Flying without fear: How to overcome a phobia of air travel

Flying without fear: How to overcome a phobia of air travel
The arrival hall of Changi Airport Terminal 1.

After Malaysia Airlines flight MH370 went missing in March, teacher Lim Shu Ling begged her travel companions to rework their plans for an upcoming holiday to Europe.

That trip next month would have involved five flights within the continent. Ms Lim, 29, managed to convince her friends to limit it to just one flight and travel instead by train to 10 cities in Italy, France and Scotland.

"I've always had a massive fear of flying and every air disaster frightens me so much," says Ms Lim. "I've tried many ways to overcome it but I always break out in a cold sweat on flights. Once, when turbulence was really bad during take-off, I started crying in my seat."

The high-profile disappearance of the Beijing-bound Malaysia Airlines flight in March - as well as other recent plane malfunctions reported in the news - has intensified the fears of many already-anxious fliers.

Dr Adrian Wang, a consultant psychiatrist at Gleneagles Medical Centre, says it is natural for air crashes to trigger some degree of anxiety among most people who travel.

"Because it is a large-scale crisis involving multiple casualties and is constantly reported in the news media, it stays in people's consciousness for a longer time than usual," he says.

He adds that, while psychiatrists do not see a spike in patients seeking treatment for a phobia of flying after an air crash, many generally anxious or depressed patients will display heightened anxiety and want to talk about it.

He says that being apprehensive about flying is very common, affecting up to 30 per cent of people. "I have a fear of flying myself. It's a mild fear - not that bad - but it's still there," says the 48-year-old. "But a severe fear of flying to a degree that air travel has to be completely avoided is less common and affects only 2 to 3 per cent of the general population."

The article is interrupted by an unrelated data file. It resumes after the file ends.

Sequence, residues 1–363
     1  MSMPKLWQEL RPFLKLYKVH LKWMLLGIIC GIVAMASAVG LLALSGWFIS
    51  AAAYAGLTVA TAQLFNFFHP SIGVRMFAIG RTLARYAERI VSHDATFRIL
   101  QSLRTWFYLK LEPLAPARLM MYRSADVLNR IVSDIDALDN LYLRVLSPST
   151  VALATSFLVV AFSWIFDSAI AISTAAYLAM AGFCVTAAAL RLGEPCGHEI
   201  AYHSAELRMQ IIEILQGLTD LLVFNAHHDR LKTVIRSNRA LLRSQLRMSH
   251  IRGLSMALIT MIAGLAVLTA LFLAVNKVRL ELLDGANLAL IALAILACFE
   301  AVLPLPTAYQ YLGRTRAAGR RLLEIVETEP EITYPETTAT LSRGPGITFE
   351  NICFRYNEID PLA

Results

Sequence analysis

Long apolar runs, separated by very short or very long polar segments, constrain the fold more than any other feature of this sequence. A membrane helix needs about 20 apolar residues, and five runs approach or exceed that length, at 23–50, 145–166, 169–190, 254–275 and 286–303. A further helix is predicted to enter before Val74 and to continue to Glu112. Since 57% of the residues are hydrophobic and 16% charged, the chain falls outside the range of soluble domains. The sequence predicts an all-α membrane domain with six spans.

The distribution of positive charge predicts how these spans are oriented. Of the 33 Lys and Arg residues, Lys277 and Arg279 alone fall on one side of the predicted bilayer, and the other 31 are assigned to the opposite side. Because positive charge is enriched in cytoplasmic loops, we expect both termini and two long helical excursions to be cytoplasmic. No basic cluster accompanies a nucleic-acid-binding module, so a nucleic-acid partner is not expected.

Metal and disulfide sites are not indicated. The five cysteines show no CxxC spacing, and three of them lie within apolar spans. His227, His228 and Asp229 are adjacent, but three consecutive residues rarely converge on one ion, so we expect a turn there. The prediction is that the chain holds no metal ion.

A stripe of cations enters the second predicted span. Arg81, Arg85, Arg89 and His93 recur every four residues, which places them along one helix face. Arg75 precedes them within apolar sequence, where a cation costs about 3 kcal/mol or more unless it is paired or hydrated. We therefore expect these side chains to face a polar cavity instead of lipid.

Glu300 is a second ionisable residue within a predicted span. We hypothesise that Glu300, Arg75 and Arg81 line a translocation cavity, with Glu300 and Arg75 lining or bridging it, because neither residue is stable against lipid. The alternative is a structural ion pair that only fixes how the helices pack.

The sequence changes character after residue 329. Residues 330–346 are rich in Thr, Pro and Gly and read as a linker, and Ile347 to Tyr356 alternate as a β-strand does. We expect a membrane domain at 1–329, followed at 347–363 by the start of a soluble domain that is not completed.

Dr Shrikant Srivastava, a consultant at the Institute of Mental Health's department of general psychiatry agrees, saying that "only a minority of patients" seek psychiatric consultation for their fear.

He adds: "These patients have most likely harboured the phobia for a long time and consultation with a specialist only happens when it significantly affects their lives or at the insistence of their partner or spouse."

Chronically nervous fliers have found their own ways of dealing with their fears so that they can still take flights.

Ms Olivia Cain, who works in digital marketing, says she has had a fear of flying for more than 10 years.

"The lack of control is what is scary - it's hard to tell what's going on when you hear noises or feel bumps," says the 26-year-old Danish national who works here but flies to Denmark at least four times a year to visit her family.

To reduce her anxiety, she makes sure she has sufficient rest before a flight so she can mentally prepare for it. It also helps to inform the flight attendants about her fears.

"I tell them I'm a nervous flier and ask if they can come visit me in my seat if I buzz them. Usually, they are really supportive and some even bring candy or tea to help put me at ease.

"If I just sit there, my anxiety intensifies, so it really helps to have someone talk me out of it."

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